5 Replies - 806 Views - Last Post: 13 November 2012 - 05:53 AM

#1 eXplosiv  Icon User is offline

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16bit vs 32bit

Posted 10 November 2012 - 08:14 AM

I have heared that 16 bit coding is outdated but i have seen example codes for kernel,boot loaders in 16bit code only. My question 'Is it possible to code critical programs like OS with just windows API only without intruppts' in a assembler
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Replies To: 16bit vs 32bit

#2 calvinthedestroyer  Icon User is offline

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Re: 16bit vs 32bit

Posted 10 November 2012 - 12:45 PM

I don't understand your question, can you rephrase it?
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#3 GunnerInc  Icon User is offline

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Re: 16bit vs 32bit

Posted 10 November 2012 - 04:12 PM

It sounds like you are interested in writing an OS... They are not that simple, do your research first. Your OS, your rules... if you want to write an 8bit OS, or 16 bit OS, go right ahead. Yes, 16bit DOS code is outdated, and I am going to take a stab and say the last time DOS was widely used was before you were born :-)

Why would you want to write a 16bit OS or regular program??? Do you understand the limitations of a 16bit OS/program? There are tons of limitations and restrictions, memory is a major one. What is the max value of a 16bit number? Now, what is the max value of a 32bit/64 bit number? You have more address space, with 32/64 bit.

Why should an OS writer support old outdated technology with their newer OS's?

This will be your main source of resources if you are going to write an OS - http://wiki.osdev.or...anded_Main_Page

If you are going to write your own OS, you don't use the windows API, you create your own API so programs can interact with the OS, hardware, memory etc...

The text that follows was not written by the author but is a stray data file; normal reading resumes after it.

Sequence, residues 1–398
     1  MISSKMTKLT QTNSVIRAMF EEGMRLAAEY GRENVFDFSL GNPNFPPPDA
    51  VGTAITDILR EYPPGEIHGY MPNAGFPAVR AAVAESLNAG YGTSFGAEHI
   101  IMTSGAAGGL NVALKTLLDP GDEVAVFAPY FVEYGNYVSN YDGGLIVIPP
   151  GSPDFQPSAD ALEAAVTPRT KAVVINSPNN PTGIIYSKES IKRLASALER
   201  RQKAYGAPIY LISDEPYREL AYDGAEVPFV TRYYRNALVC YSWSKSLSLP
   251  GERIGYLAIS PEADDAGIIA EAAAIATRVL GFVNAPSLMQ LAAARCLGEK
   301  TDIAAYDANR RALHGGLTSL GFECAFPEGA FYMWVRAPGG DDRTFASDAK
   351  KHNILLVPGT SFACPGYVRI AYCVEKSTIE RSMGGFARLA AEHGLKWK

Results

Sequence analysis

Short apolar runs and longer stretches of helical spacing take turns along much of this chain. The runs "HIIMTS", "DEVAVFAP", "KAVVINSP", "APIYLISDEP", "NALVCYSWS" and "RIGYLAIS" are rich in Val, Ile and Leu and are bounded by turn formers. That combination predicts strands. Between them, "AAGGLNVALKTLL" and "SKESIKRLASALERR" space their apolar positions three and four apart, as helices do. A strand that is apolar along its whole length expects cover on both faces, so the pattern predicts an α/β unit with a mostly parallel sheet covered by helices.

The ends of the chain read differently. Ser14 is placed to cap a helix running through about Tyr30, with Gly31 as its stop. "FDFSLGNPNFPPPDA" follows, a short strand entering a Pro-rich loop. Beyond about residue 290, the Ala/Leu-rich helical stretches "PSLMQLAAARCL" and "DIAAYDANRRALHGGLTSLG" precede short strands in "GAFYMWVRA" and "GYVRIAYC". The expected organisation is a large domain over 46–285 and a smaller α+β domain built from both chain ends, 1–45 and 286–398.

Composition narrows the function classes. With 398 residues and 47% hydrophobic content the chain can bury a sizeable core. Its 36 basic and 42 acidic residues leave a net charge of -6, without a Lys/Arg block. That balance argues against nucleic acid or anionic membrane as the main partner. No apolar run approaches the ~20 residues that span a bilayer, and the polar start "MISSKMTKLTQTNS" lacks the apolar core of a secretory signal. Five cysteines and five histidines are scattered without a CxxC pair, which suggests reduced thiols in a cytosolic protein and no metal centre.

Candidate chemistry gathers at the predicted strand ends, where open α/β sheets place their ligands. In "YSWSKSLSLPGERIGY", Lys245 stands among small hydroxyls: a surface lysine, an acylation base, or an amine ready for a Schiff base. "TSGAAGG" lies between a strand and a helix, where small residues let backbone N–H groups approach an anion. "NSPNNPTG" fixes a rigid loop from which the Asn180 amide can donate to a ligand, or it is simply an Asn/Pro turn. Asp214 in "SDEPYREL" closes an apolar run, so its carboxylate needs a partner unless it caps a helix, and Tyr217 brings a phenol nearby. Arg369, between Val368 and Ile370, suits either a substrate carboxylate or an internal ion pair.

There are a few open source OS's written in Assembly. Do a search. Be warned... as there isn't much hand holding in the Assembly community, there is far less when writing an OS. It is assumed that YOU have done your research on interacting with Hardware, memory, different drives, video etc...

To answer your question... we don't write modern apps with interrupts on Windows (unless you are RING 0/1), on Linux we can and do.
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#4 eXplosiv  Icon User is offline

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Re: 16bit vs 32bit

Posted 10 November 2012 - 11:58 PM

Thanks for the link and now i realised how difficult it is .
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#5 GunnerInc  Icon User is offline

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Re: 16bit vs 32bit

Posted 11 November 2012 - 10:18 AM

I am not saying don't learn how to do it, nor am I saying don't write an OS. Writing an OS will put you in an elite group of a handful of people. You will become one with the silicon. Do you use the MS specification for your exes, the elf format, or create and use your own? There so much that goes on behind the scenes when you load and run a program, and during the life of the program that the OS does that almost everyone takes for granted. When I say a program, I am also talking about drivers, dlls, and whatnot.

By all means, go for it!!! Do not expect it to take a month though, it will take some time to get everything right.
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#6 Hooker  Icon User is offline

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Re: 16bit vs 32bit

Posted 13 November 2012 - 05:53 AM

If you are going to code an os for fun and with limited knowledge prefer 16 bit atleast you would get interupts to ease work. Try this link might help you. http://mikeos.berlios.de/
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